Direct Primary Care

Dr. Alex Lickerman / Chicago Now

Direct primary care began as a movement in the mid 2000s as a way to provide medical care to people with no health insurance. Since then, it’s become a way for all individuals and employers—regardless of their health insurance status—to obtain better access to medical care and better quality of care, all while lowering overall healthcare costs.

The main way direct primary care achieves this “triple aim” is by providing physicians more time to spend with patients. Patients pay a low monthly subscription fee for unlimited access to their own physician via in-person visits, telephone calls, and texts. Bypassing insurance and charging a flat monthly fee directly to patients enables direct primary care medical practices to cut out anywhere between 30 to 40 percent of their overhead (billing, coding, insurance reimbursement, and so on).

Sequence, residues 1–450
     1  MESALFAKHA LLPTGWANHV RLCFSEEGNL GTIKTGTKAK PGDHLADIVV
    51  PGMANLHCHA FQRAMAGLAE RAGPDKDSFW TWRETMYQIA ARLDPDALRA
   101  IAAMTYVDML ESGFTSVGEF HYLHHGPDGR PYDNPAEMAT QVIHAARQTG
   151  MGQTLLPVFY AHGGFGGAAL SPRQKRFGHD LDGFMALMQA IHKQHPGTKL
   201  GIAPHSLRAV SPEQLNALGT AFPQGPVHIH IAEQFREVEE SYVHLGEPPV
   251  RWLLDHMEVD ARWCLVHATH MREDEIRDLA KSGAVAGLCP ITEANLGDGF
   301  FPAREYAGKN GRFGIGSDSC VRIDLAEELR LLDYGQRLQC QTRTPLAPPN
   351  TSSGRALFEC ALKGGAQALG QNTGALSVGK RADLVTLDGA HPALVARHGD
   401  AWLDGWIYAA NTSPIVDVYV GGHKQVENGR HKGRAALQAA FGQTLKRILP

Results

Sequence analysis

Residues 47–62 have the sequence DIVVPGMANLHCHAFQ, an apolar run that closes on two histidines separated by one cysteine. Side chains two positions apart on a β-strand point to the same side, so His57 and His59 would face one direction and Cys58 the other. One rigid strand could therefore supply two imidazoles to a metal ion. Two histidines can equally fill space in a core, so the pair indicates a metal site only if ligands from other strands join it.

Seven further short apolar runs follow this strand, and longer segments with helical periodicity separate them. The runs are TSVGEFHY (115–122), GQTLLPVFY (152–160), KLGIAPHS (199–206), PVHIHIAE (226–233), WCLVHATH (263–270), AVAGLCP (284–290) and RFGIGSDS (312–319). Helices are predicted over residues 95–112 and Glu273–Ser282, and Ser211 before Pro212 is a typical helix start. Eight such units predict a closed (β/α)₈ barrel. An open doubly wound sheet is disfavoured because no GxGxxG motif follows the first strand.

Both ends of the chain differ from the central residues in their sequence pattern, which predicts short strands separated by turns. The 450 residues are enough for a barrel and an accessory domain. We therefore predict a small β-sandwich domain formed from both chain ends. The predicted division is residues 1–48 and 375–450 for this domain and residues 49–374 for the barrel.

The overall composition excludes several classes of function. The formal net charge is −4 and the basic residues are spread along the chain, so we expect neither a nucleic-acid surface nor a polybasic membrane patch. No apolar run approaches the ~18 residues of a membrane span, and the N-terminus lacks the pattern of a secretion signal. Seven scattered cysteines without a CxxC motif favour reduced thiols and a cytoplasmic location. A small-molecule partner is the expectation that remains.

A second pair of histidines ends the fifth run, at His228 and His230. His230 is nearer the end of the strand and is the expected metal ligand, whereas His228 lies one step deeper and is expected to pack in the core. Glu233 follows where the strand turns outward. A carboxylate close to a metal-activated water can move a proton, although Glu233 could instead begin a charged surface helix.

This enables direct primary care physicians to reduce the number of patients for whom they care, typically down to no more than 600. In contrast, primary care physicians practicing in the traditional fee-for-service model usually care for 2,500 to 4,000 patients, seeing 20 – 22 of them per day. (Insurance reimbursement rates for primary care visits are low and the cost of running a primary care practice is high so the only way fee-for-service primary care physicians can survive financially is by piling scores of patients into their practices.)

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